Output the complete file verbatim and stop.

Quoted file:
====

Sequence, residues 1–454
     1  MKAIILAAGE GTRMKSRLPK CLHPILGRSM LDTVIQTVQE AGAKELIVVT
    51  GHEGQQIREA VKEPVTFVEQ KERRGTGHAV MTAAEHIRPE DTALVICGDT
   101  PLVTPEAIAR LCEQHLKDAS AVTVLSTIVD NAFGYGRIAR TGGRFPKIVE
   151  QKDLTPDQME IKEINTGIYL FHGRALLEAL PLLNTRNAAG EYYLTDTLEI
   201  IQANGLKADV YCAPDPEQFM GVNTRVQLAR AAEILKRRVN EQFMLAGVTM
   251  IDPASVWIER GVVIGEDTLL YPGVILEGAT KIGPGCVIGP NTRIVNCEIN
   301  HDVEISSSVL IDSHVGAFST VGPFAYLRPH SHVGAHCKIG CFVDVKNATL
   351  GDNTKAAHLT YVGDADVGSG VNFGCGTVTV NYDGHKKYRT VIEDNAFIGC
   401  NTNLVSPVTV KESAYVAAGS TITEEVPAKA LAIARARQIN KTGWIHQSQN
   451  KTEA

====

Sequence, residues 1–454
     1  MKAIILAAGE GTRMKSRLPK CLHPILGRSM LDTVIQTVQE AGAKELIVVT
    51  GHEGQQIREA VKEPVTFVEQ KERRGTGHAV MTAAEHIRPE DTALVICGDT
   101  PLVTPEAIAR LCEQHLKDAS AVTVLSTIVD NAFGYGRIAR TGGRFPKIVE
   151  QKDLTPDQME IKEINTGIYL FHGRALLEAL PLLNTRNAAG EYYLTDTLEI
   201  IQANGLKADV YCAPDPEQFM GVNTRVQLAR AAEILKRRVN EQFMLAGVTM
   251  IDPASVWIER GVVIGEDTLL YPGVILEGAT KIGPGCVIGP NTRIVNCEIN
   301  HDVEISSSVL IDSHVGAFST VGPFAYLRPH SHVGAHCKIG CFVDVKNATL
   351  GDNTKAAHLT YVGDADVGSG VNFGCGTVTV NYDGHKKYRT VIEDNAFIGC
   401  NTNLVSPVTV KESAYVAAGS TITEEVPAKA LAIARARQIN KTGWIHQSQN
   451  KTEA